Pending and Future Contracts

The primary focus of this series has been practical advice for contractors facing delays on federal projects due to the current situation – but contractors should also be thinking about pending and future government projects.

If your business submitted a final proposal and is waiting on a contract award decision, now is the time to consider the potential impact of COVID-19 on future performance.  Is it possible to modify or even withdraw a proposal?  It likely depends on the particular contract and phase of the procurement.  At a minimum, I recommend communicating with agencies about anticipated issues now – it may be deemed too late to wait until after award.

Contractors should also think strategically about the COVID-19 pandemic when bidding new work.  The government requires contractors to build all known contingencies that might affect performance into bids.  COVID-19 is now undeniably a known contingency and the government will not assume responsibility for delays or shortages that contractors should have reasonably anticipated in advance.

Nick Solosky is a Partner in Fox Rothschild’s Government Contracts Practice Group.  You can reach Nick directly at NSolosky@FoxRothschild.com or 202-696-1460.

COVID-19 or the Coronavirus is having an unprecedented and, frankly, previously unimaginable global impact.  Please click here to visit Fox’s Coronavirus Resource Center for links to free webinars and articles offering practical guidance to companies of all sizes on a variety of legal issues.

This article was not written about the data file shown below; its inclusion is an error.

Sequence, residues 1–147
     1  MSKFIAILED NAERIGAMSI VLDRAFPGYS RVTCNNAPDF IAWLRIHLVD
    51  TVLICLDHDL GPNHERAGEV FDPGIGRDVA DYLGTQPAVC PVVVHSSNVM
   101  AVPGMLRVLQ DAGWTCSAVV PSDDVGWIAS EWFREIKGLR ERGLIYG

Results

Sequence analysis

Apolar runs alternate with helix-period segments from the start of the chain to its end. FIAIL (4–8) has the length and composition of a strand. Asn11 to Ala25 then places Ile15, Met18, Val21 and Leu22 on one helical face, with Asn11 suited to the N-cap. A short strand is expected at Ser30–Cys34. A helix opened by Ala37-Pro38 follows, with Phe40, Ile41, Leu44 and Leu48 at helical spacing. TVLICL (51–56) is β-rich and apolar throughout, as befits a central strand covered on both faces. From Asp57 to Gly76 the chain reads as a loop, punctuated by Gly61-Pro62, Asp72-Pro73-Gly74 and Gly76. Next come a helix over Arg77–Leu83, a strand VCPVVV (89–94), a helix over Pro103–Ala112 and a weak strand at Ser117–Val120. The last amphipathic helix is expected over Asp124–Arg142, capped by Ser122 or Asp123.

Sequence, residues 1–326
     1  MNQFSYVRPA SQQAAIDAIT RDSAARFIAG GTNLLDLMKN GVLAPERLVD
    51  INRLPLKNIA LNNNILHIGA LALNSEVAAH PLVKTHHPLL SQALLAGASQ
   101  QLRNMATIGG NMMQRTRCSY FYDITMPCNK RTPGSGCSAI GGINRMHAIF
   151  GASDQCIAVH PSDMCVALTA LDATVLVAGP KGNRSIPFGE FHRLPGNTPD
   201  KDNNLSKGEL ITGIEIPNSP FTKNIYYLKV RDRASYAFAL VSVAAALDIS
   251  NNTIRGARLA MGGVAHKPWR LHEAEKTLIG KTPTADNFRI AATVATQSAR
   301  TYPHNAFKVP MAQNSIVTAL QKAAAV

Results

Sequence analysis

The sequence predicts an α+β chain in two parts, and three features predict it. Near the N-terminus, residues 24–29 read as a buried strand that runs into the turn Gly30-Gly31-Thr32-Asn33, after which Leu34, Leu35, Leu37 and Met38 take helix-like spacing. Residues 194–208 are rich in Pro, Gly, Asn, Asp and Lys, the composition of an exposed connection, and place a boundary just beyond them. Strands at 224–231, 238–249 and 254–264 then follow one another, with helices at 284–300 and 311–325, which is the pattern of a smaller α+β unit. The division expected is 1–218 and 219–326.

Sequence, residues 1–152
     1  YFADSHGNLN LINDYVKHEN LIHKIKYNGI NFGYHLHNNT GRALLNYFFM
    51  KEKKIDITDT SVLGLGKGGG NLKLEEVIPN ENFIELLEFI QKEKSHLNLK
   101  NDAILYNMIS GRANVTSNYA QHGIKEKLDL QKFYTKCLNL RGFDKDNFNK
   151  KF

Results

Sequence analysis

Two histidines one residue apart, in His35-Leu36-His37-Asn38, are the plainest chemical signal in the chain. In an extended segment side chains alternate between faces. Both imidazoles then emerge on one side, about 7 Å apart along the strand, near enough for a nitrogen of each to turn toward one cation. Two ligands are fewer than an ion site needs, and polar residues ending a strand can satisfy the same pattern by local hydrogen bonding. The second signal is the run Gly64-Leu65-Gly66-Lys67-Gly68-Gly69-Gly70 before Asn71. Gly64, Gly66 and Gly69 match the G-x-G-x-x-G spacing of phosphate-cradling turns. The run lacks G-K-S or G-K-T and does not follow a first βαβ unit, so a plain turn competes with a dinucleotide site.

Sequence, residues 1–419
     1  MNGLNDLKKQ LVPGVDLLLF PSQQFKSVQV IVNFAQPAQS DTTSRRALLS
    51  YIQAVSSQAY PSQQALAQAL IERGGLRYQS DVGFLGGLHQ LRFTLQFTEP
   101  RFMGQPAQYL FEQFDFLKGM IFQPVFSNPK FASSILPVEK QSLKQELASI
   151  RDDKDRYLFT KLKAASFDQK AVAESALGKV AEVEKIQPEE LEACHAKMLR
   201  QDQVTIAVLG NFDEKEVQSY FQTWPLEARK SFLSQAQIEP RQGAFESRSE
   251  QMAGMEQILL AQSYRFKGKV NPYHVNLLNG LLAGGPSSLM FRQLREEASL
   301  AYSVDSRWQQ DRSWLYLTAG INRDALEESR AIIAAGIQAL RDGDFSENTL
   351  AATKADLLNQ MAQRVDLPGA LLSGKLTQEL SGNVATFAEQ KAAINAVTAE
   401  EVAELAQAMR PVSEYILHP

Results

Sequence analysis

Government contractors are already feeling the effects of the pandemic.  Breakdowns in the global supply chain, labor shortages, and regional lock downs are already delaying federal projects across the country and around the world.  These are extraordinary times – but contractors must still look to standard remedy granting FAR clauses for relief.

In Part 1 of this series, I discussed requests/claims for excusable delays on federal projects.  This remedy – most commonly invoked under FAR 52.249-14 (Excusable Delays) – amounts to extending contract completion deadlines to avoid termination.

But what about federal contractors that incur additional costs due to COVID-19 delays?

In this Part 2, I discuss practical strategies for contractors to recoup those extra costs (in addition to time extensions) from the government through requests for equitable adjustments (REAs) or certified claims.  Also, check back tomorrow for Part 3 of the series discussing possible ways the government will approach COVID-19 on individual projects (and how it affects contractor performance requirements).

The critical thing for federal contractors to understand (in all circumstances) is that there are no automatic FAR remedies.  While the government generally will not hold a contractor liable for delays beyond its control, the contractor must take affirmative and diligent steps to protect its rights and seek additional costs.